Lesson Plan of Separation of Insoluble Solids from Water
General Science Grade IV
Students’ Learning Outcomes
· Predict and demonstrate how various materials mix with water.
· Demonstrate separation of insoluble solids from water by decantation and filtration.
Information for Teachers
· The substances which dissolve in water are known as soluble substances and the resulting mixture is known as an aqueous solution.
· The substances which don’t dissolve in water are termed as insoluble.
· Insoluble solids can be separated from the mixture by the following two method:
v Decantation is process in which upper liquid is poured off from the settled solid.
v Filtration is a process in which insoluble substance is separated from the mixture with the help of a filter paper.
Material / Resources
Water, sugar, glass, spoon, common salt, chalk powder, soil, glucose, lemon juice and vinegar, textbook
· Ask the students: Tell anything that is soluble in water. Get the students response and do the following.
· Take water in a glass. Add a spoon full of common sugar in it and stir.
· Ask a student to bring some lemons then add lemon juice in a glass.
· Inform students that this is how we make lemon squash.
· Inform them this is how various materials mix with water.
· Now mix some sand in water and stir it. Ask students to observe. Did the sand dissolve? (No) why not? ( because sand is insoluble)
· Can we separate the sand from the water? (multiple responses)
· Ask them about sieving the tea leaves from the tea? Why do we do so? Do you know what this process is called? Tell them that this process is called filtration.
· Explain how filtration helps us in daily life.
· Take the following three solids. (Common salt, Sugar and Sand)
· Ask three students to come forward. Give each of them a glass and ask them to half fill it with water.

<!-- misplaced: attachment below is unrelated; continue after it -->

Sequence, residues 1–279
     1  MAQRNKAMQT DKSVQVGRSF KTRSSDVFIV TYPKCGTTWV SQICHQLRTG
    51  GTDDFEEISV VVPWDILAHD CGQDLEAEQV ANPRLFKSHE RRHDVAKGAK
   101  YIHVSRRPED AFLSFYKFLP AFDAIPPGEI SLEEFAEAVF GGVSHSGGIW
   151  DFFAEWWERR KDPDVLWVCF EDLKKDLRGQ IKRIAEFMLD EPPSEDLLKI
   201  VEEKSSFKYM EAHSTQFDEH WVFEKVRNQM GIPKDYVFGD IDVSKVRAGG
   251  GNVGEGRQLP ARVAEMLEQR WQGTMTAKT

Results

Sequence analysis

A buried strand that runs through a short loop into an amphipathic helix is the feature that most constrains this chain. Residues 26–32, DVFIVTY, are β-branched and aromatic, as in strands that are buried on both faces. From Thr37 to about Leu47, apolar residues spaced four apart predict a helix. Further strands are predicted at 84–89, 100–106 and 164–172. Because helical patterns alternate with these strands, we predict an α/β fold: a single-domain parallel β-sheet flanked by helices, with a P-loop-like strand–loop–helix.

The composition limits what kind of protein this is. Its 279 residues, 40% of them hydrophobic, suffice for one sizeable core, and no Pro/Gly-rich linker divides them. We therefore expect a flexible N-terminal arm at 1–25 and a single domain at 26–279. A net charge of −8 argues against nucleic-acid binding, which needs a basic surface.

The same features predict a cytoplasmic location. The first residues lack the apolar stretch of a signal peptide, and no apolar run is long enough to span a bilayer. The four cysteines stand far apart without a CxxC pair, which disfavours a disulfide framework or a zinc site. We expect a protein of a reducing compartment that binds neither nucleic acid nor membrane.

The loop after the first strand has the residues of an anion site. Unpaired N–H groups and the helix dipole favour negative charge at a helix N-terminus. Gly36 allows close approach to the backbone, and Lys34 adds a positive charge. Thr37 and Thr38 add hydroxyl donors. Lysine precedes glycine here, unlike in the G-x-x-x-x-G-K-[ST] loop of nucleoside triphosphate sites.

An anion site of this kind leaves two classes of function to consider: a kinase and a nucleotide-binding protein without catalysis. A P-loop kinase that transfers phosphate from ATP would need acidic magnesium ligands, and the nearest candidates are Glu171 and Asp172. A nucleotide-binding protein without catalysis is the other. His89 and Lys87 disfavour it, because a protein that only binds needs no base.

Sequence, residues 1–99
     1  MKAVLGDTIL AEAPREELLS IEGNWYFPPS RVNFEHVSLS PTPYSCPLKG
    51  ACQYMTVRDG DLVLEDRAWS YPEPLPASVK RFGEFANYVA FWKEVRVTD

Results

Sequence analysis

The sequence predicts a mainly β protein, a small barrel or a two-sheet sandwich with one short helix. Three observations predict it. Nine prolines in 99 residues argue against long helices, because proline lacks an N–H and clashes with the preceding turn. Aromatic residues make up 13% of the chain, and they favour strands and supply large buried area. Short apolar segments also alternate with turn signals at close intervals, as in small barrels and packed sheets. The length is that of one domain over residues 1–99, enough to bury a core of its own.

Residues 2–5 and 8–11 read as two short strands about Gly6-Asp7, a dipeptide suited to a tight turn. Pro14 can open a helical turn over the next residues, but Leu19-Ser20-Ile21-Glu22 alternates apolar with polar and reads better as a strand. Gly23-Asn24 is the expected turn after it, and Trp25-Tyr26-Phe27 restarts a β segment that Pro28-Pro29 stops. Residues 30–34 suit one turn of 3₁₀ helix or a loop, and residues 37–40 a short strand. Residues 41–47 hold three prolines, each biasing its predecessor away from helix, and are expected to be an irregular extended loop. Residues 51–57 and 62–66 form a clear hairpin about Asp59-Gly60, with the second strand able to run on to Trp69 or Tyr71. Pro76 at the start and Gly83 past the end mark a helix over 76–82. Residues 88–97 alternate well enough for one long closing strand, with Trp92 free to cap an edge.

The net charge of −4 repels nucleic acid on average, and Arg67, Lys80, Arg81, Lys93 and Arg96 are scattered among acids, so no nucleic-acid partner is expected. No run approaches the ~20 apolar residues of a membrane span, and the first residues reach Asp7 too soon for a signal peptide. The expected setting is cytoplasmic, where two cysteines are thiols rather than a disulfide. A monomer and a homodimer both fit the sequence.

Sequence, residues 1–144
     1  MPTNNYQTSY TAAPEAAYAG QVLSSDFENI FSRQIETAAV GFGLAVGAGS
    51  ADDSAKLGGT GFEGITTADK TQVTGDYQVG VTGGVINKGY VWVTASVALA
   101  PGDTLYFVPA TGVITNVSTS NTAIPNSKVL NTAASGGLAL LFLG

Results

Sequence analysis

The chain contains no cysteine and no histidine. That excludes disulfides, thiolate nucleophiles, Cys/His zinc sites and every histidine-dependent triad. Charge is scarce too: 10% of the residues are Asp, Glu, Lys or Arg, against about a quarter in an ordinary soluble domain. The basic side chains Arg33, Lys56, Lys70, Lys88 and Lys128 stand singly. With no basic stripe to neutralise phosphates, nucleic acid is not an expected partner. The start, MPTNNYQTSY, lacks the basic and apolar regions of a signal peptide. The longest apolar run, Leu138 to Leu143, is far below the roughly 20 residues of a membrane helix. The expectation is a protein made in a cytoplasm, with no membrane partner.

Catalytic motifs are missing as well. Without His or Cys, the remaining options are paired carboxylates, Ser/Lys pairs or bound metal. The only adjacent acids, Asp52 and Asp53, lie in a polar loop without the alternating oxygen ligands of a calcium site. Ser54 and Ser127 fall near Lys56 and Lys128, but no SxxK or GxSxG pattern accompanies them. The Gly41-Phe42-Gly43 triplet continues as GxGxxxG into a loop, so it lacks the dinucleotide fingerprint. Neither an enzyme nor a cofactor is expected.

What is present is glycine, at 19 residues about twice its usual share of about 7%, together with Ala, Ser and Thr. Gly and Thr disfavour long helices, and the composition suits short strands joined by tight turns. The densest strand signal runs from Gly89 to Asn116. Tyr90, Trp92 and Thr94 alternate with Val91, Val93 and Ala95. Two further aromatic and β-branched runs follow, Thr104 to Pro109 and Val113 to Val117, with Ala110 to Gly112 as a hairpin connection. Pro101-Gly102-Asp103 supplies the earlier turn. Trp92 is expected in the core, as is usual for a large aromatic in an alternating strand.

· Give one of the above solids to each student and ask them to add one spoonful of solid in water and stir it.
· Show all the three glasses to the whole class and ask the following questions.
v Which solid has disappeared in water?
(Students’ response: Common salt and sugar disappear in water or they are soluble in water)
v Which solids didn’t disappear in water?
(Students’ response: Sand doesn’t disappear in water or it is insoluble in water)
· Give a student mixture of water and sand.
· Allow the sand to settle down.
· Ask a student to carefully decant all the water into another glass.
· Ask the students to name the process involved in this activity. (Decantation)
· Inform them that decantation can be used to separate water from an insoluble substance with settles down.
· Ask the students to give other examples of decantation (Multiple responses)
· Take a glass and add water then ask student to add a spoonful of soil in the glass and stir it.
· Let the above mixture stand for a few minutes.
· Ask the students:
v Have all the particles of soil settled down in water just like the particles of sand?
(No some are still suspended)
v How can suspended particles of sand be separated?
(Students’ response: Multiple responses) Tell them that to separate the particles suspended in water we will use another method called filtration.
Demonstration for filtration
· Take a filter paper. Fold it twice to have four folds.
· Keep three folds on one side and one fold on the other side so that it gets the shape of a cone as shown in the figure.
· Moisten the filter paper with a drop of water and fix it in the glass funnel as shown in the figure. (Size of the filter paper should be smaller than the size of the funnel)
· Ask a student to drop the mixture of soil and water on the three fold side of the filter paper with the help of a glass rod.
· Ask students to observe and report what happens.
· Inform the students that clean water will trickle down drop wise through the filter paper in the beaker lying underneath the funnel. It is called filtrate. The soil will remain on the filter paper. It is called the residue.
Sum up / Conclusion
· Solids which dissolve in water are called soluble solids.
· Solids which don’t dissolve in water are called insoluble solids.
· If the particles of insoluble solids settle down in water, they can be separated by decantation.
· The mixture in which the solid particles remain suspended can be separated by filtration.
· Write the following list of substances on the board and ask the students to separate them as soluble or insoluble. Sand, washing soda, ultramarine, marble pieces and glucose. Suggest a material other than filter paper which may be used for filtration.
Washing soda (Na2 Co3)
· Ask the students that how do you make the water obtained from a canal free from impurities?
(Students’ response: It is either filtered through a filter bed or through a cotton cloth).
· Can the mixture of common salt and water be separated by the process of decantation or filtration?